Last year, I had a coffee with a friend, @rawtoast, at one of the cafes inside the MCG during Grand Final week. We talked while taking occasional interest in the replay of the GWS-Dogs game. He was nervous and excited. He said how he wasn’t particularly fussed about not being able to get tickets for the game and that winning the Flag ‘would be the first step for us to being hated’. He spoke with a calmness, learned-excitement and serenity rarely seen in any sort of football fan. And all this seems so long ago: the Doggy’s fairy tale victory has indeed become a fairy tale in that one can barely believe it to be true, considering their half-hearted and splintered performance throughout 2017. One year and a couple of weeks on, I’m still almost not believing that ‘my’ team won the Premiership. As wondrous as it is, I am believing though that being a fan of a football club is not about seeing them win a premiership/become champions. Witnessing one’s team win a premiership does not provide a fully satisfying moment that dissolves one’s desire to be a fan, to be part of a club, to go to games and to shout with others. Winning shapes a narrative, but doesn’t provide a conclusion.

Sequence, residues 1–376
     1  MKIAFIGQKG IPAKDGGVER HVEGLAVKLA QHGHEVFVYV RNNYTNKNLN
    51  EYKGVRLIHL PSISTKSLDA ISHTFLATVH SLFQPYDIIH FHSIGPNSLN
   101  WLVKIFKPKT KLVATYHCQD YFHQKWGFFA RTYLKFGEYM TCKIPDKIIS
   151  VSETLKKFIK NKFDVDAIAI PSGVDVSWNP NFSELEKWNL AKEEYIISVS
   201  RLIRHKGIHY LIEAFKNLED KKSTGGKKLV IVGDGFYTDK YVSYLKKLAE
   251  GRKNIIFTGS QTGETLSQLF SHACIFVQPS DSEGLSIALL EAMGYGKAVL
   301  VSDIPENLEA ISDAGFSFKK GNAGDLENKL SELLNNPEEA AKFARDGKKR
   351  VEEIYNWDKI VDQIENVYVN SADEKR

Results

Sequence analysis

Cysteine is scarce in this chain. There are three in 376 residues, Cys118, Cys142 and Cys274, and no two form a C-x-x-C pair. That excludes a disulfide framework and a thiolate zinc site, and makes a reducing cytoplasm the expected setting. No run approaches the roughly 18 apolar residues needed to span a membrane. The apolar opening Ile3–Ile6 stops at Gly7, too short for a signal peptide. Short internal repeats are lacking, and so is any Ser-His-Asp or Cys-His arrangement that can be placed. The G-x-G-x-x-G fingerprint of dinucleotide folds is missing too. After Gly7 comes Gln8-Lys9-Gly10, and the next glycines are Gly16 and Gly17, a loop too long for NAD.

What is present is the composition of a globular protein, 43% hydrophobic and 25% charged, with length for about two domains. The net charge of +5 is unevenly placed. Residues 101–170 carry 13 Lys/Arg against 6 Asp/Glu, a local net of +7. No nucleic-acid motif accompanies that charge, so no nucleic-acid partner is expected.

I walked down Tanner St after leaving Punt Road Oval. An Adelaide fan, stuck out his hand to give me a high-five, and then when I did, he withdrew, making me slap the air. I thought of Jake Lever. I said: ‘Adelaide, the best team all year’ – without bothering to mention, ‘couldn’t get it done on the most important day’. He replied to say, ‘Richmond, best team on the day’. And, the best team of the finals: three resounding wins that got better each week, as the pressure grew. A moment later, I heard some people above, on the balcony of their apartment: ‘look at this guy, he looks sad.’ I looked up, and they said, ‘come on! Be happy!’ I gave them my best ‘Go Tigers!’ and then continued my dawdle home. By the time I made it upstairs though, I was trembling. My wife, one of the few persons in Melbourne to not know the result, looked at me expectingly: menang? ‘did they win?’ I replied yes. Then I told my daughter, Richmond won! Only for her to reply, ‘not again!’ Even if she hadn’t grasped that Richmond had actually won the trophy, here she was, growing up being bored by Richmond winning. Footy moves too quickly, sometimes. I inhaled some pasta pesto and the euphoria slowly sunk in. I exited the premises and went to the sea of fans who had taken over Swan St.